They're paving Narnia to put in a strip mall—or so say recent news stories. The front page of The New York Times, the editorial page of The Boston Globe, and op-ed pages around the English-speaking world—not to mention C.S. Lewis devotees—have been decrying not only reports of plans to commercialize Narnia, but what some say is a deliberate effort to play down Lewis's Christianity in marketing efforts.
Unfortunately, stories have become conflated. Concerns about a leaked e-mail regarding how to portray Narnia and Lewis's Christianity in a PBS documentary became enmeshed in news about HarperCollins's efforts to publicize both the children's series and the author's other books. In time, fans believed HarperCollins was going to reissue the Chronicles of Narnia with all religious imagery excised. But, in the words of Lewis's stepson Douglas Gresham, the report was an "evil lie."
Let us separate the truth from the lies. First, the HarperCollins memo never says that the planned PBS documentary went too far in addressing Lewis's faith. On the contrary, HarperSanFrancisco executive Steve Hanselman praised the script: "I think the documentary and its broadcast on PBS will doubtless have the effect of broadening Lewis' recognition and appeal and boost the sales of all his books." Nor does the memo explicitly indicate plans either by the publishing company or the Lewis estate to downplay Lewis's faith.
What has riled so many people is the memo's discussion of how HarperCollins thinks the Lewis estate wants Lewis presented: 1) "No attempt [should] be made to correlate the [Narnia] stories to Christian imagery/theology"; 2) Lewis's conversion should offer a "very general, lay-oriented view of God" with "no characterization of what 'true conversion' or 'true Christianity' is supposed to be"; and 3) "Lewis was much more than a mere apologist."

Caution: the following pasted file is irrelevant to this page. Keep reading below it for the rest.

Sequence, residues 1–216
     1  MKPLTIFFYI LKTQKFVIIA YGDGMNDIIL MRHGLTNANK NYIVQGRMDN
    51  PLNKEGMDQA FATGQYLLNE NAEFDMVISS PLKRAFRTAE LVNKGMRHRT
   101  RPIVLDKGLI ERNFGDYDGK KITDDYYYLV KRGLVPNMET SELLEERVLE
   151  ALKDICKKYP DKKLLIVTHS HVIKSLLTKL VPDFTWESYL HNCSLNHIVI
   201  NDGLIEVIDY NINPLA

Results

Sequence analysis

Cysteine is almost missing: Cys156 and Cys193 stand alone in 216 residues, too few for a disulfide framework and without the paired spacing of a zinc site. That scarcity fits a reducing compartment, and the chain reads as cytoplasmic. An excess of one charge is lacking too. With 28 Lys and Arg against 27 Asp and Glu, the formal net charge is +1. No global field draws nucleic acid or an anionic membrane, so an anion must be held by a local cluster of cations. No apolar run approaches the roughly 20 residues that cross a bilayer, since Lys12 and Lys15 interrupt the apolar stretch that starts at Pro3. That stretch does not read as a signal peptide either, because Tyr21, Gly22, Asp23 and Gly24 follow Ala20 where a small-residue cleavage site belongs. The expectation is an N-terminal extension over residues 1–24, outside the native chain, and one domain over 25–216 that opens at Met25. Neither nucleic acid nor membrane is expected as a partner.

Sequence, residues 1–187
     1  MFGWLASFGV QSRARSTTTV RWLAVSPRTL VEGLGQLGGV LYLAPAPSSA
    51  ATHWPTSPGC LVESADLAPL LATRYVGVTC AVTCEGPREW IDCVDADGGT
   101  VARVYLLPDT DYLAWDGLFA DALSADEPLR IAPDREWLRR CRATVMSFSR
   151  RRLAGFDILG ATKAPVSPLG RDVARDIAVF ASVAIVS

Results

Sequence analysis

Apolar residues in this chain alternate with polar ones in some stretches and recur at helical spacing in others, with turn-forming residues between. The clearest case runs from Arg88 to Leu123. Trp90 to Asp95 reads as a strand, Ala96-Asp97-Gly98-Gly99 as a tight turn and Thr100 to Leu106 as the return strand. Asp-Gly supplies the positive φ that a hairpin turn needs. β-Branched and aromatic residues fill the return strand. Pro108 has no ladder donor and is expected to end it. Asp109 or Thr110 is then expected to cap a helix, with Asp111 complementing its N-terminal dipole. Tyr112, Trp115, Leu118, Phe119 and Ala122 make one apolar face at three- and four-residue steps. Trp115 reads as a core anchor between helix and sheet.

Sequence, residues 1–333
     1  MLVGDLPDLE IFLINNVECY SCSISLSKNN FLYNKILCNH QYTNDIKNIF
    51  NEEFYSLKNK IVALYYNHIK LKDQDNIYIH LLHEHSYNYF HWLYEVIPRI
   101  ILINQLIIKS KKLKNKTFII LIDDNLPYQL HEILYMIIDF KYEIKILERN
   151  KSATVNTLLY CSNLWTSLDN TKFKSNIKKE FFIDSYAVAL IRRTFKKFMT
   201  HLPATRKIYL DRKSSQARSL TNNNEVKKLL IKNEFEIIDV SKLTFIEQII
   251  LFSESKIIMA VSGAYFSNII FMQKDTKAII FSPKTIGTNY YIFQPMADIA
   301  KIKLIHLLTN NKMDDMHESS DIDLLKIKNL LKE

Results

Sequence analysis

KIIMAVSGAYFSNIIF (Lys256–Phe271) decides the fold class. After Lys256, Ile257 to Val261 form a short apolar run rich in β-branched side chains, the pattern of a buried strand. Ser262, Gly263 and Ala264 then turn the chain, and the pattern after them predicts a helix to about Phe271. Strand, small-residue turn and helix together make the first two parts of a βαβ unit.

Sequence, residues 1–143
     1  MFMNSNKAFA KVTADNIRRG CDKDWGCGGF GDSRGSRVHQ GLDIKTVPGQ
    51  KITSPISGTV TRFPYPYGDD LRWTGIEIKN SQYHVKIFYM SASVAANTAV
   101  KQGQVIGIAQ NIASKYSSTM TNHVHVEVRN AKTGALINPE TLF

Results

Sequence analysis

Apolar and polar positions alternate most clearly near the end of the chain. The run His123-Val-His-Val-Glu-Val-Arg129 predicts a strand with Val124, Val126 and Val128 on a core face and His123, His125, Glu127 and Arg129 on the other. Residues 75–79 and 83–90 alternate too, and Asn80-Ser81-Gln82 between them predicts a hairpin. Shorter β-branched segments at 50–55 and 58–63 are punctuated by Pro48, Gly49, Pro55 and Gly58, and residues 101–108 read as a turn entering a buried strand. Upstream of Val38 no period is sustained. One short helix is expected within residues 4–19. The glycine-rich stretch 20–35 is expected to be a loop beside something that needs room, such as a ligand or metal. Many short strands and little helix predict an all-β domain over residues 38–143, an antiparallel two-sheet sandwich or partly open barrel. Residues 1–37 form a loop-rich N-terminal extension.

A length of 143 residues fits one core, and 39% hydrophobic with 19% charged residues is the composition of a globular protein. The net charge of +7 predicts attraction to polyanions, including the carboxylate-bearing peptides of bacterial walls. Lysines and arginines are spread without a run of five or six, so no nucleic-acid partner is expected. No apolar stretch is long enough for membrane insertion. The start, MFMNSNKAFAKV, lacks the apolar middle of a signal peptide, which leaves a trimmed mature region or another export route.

Yes, these can be read darkly. But they can also be read as a simple strategy to soft-sell Lewis's beliefs to otherwise skeptical readers and let his words work as they will. Lewis himself believed that much of his writing—especially his Narnia tales—allowed solid Christian theology to "steal past those watchful dragons." He was very eager to present himself as a "Mere Christian" rather than as a high-church Anglican. And, truth be told, he was more than an apologist.
One wonders, after the vitriolic attacks by conservative Christians—Why are we so upset over how C.S. Lewis is being marketed? Why all the opprobrium over fear that the jacket covers on Narnia books won't say, "By C.S. Lewis, eminent Christian apologist"? Why aren't we happier that a major publishing company is spending millions upon millions of dollars to get some of the best Christian writing of all time into the hands of people who haven't read it yet? Have we really bought into the lie that "image is everything"?
Rumors will persist that there is some conspiracy afoot to undermine the legacy of Lewis. And there have been enough developments in this story to make us cautious. But where is the smoking gun? If it later becomes clear such a conspiracy exists, Christianity Today will be first on the battlefield. But for now, let us judge HarperCollins and the C.S. Lewis Company by their fruits. If anything, it seems that, at the insistence of Gresham, they're straining at gnats to be true to Lewis's vision. They've renumbered the entire Chronicles of Narnia on the basis of a letter Lewis wrote to a child suggesting that he preferred to read them in Narnian chronology rather than the order in which they were written. Changes to early American editions made at the publisher's request (such as changing the White Witch's Captain of the Secret Police from Maugrim to Fenris Ulf) have been reset to Lewis's original manuscripts. Yes, the plans for new Narnia novels are a categorically bad idea, but the undertaking seems to be more a publicity gimmick for the original series than an initiative for its own sake.